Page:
Stewart Copeland's 6 career-shaping records

The Police' drummer talks defining moments

Stewart Copeland
Stewart Copeland

Still recovering from The Police's 2007-2008 mammoth worldwide reunion tour, Stewart Copeland is back to the grind. This time he's writing a concerto for a gamelan and orchestra, a task which even Copeland admits to making him sound rather "pompous," and "even worse than Sting".

Regardless, the inimitable sticksman recently took time out of his 34-year-strong drumming career to talk to our friends over at Rhythm magazine. They've got the skinny on all Copeland's latest projects, life after touring and the six records that helped shaped that long and illustrious career…

6 defining Stewart Copeland moments

1. Curved Air – Midnight Wire (1975)

The first album Stewart Copeland ever made. This was the rejected version – not the LP that was released.

2. The Police – Reggatta de Blanc (1979)

Second album from The Police, this one boasted two number one UK hits (Message In A Bottle and Walking On The Moon). Copeland contributed to songwriting, too.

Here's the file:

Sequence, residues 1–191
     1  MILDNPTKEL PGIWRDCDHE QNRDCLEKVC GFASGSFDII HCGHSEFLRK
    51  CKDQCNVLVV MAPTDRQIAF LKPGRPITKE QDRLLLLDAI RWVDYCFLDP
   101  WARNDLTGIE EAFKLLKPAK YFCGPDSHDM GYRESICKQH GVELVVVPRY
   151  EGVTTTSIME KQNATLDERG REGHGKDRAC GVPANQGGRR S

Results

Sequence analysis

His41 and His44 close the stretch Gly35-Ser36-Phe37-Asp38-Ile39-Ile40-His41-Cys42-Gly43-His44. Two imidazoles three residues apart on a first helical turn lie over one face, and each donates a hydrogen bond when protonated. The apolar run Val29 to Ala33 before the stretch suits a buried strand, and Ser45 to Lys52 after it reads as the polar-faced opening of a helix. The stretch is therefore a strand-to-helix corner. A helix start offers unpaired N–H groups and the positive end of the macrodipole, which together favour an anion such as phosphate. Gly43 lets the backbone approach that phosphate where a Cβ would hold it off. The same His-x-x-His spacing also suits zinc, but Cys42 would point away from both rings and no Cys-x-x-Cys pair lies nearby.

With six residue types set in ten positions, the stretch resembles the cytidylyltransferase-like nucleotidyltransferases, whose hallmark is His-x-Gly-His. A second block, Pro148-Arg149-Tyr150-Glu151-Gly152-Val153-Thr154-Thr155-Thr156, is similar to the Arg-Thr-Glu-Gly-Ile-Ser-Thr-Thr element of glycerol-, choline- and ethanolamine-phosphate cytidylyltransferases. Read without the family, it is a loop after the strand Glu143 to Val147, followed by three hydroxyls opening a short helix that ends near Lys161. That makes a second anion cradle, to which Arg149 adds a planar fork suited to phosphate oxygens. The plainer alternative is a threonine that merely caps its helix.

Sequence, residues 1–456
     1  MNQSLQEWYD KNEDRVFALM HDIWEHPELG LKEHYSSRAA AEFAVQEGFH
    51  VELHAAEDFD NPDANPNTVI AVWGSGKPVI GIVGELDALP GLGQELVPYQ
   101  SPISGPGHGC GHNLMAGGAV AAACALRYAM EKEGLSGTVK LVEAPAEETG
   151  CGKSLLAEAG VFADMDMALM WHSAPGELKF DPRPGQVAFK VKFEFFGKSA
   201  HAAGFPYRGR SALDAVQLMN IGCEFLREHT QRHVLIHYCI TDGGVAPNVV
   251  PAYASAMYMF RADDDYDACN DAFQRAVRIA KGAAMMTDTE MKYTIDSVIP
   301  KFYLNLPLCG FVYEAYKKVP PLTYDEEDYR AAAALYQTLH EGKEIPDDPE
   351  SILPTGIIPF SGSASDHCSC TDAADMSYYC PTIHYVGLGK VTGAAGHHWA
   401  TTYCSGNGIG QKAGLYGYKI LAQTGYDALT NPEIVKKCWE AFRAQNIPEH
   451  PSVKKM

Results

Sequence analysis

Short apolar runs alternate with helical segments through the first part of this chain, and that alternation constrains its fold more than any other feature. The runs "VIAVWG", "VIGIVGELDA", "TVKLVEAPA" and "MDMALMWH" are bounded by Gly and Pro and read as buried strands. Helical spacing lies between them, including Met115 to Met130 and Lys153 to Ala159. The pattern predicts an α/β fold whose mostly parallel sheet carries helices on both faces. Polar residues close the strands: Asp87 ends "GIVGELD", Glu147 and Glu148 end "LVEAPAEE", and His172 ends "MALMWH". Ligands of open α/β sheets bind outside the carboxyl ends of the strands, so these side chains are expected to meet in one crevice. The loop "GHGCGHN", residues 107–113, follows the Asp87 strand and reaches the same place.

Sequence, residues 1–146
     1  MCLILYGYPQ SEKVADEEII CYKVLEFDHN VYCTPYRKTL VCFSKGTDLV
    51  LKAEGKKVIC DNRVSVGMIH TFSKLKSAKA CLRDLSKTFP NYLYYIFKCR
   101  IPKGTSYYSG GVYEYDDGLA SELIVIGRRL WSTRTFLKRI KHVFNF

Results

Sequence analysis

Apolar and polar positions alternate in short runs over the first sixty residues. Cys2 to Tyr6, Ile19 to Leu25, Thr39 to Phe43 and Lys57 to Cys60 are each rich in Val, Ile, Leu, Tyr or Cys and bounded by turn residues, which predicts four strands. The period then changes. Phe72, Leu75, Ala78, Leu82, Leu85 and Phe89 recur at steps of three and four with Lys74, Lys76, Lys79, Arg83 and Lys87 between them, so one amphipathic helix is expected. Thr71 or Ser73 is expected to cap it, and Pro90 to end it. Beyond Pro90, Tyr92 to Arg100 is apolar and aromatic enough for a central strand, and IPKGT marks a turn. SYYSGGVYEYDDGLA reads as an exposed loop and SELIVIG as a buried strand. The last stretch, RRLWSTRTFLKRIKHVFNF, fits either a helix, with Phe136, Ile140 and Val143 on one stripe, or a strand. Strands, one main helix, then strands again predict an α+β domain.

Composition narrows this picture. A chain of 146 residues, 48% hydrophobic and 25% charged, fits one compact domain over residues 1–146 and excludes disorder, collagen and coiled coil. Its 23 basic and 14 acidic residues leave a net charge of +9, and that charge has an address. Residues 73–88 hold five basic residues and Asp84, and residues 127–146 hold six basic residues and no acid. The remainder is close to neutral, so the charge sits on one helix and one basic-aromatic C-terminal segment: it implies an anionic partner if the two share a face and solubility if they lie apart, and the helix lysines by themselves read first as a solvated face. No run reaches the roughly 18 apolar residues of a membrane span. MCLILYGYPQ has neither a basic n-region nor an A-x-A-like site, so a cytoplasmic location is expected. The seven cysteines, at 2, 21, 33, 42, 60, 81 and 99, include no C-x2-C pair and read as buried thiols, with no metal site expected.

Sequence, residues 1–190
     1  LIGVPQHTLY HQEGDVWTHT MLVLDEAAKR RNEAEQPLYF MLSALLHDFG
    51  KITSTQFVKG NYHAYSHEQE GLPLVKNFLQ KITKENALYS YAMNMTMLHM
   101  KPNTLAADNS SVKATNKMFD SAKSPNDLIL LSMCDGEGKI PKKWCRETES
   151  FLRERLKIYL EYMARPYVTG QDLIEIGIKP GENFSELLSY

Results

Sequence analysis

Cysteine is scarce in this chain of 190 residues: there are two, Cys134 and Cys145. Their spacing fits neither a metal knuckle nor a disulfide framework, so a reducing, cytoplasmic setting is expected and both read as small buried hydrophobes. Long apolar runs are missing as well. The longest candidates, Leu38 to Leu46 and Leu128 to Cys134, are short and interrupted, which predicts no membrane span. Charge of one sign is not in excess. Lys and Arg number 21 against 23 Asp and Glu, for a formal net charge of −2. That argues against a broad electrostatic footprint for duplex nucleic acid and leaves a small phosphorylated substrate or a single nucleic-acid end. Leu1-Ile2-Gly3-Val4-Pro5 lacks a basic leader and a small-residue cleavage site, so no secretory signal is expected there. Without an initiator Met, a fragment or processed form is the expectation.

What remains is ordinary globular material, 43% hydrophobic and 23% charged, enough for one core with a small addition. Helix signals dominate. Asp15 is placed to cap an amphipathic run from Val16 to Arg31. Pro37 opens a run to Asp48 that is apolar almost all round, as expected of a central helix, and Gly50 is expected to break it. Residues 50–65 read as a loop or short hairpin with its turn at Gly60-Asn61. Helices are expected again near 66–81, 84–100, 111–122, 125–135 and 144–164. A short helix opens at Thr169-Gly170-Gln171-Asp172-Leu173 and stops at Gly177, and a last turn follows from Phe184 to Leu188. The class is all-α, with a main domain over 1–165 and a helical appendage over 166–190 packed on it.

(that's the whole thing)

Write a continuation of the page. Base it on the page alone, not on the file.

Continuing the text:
3. Stewart Copeland – Rumble Fish: OST (1983)

Copeland composed this score for Francis Ford Coppola because he was inspired by the "absolute miserable hell" of recording The Police's Synchronicity album. Nice.

4. Oysterhead – The Grand Pecking Order (2001)

A project born when Copeland played with Primus bassist Les Claypool and Phish guitarist Trey Anastasio at the 2000 New Orleans Jazz and Heritage Festival.

5. Stewart Copeland – La Notte Della Taranta (2007)

This title translates to Night Of The Tarantula. It makes the list because it's a live album: the only type Copeland is interested in recording these days, apparently.

6. The Police – Certifiable (2008)

The album that captures the band live on their aforementioned reunion tour – after a 23 year hiatus.

You can read, in Stewart Copeland's own words, why these particular records mattered so much in the current issue of Rhythm magazine, available now.